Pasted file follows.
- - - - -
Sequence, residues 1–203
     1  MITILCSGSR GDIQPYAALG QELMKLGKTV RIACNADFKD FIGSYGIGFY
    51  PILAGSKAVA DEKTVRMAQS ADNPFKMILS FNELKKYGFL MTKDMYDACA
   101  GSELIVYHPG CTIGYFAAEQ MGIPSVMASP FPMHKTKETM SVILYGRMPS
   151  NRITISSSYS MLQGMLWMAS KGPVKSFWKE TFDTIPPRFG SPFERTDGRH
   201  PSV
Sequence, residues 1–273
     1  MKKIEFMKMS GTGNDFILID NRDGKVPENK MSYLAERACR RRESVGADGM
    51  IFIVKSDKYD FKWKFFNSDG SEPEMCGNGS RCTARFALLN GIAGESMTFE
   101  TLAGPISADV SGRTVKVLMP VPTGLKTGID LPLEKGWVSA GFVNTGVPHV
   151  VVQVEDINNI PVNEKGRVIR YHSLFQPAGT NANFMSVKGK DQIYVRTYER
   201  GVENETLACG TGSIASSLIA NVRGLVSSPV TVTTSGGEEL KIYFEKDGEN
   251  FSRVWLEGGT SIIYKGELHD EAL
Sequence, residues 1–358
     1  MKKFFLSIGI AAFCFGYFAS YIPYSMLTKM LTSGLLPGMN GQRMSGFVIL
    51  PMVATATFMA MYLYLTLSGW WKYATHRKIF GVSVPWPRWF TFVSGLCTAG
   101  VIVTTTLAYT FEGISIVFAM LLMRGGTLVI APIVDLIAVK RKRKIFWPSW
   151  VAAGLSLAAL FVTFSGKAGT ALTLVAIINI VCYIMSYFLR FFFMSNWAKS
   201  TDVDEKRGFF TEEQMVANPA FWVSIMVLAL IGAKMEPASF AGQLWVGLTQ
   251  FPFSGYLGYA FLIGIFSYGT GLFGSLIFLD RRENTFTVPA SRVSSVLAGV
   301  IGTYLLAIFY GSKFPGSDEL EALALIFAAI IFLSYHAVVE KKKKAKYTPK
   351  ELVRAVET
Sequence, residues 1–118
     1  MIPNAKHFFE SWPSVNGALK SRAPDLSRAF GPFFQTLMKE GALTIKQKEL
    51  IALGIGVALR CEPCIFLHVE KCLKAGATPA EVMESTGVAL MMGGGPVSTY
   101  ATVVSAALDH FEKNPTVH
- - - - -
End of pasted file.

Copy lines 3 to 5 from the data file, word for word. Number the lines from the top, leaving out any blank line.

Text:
    51  PILAGSKAVA DEKTVRMAQS ADNPFKMILS FNELKKYGFL MTKDMYDACA
   101  GSELIVYHPG CTIGYFAAEQ MGIPSVMASP FPMHKTKETM SVILYGRMPS
   151  NRITISSSYS MLQGMLWMAS KGPVKSFWKE TFDTIPPRFG SPFERTDGRH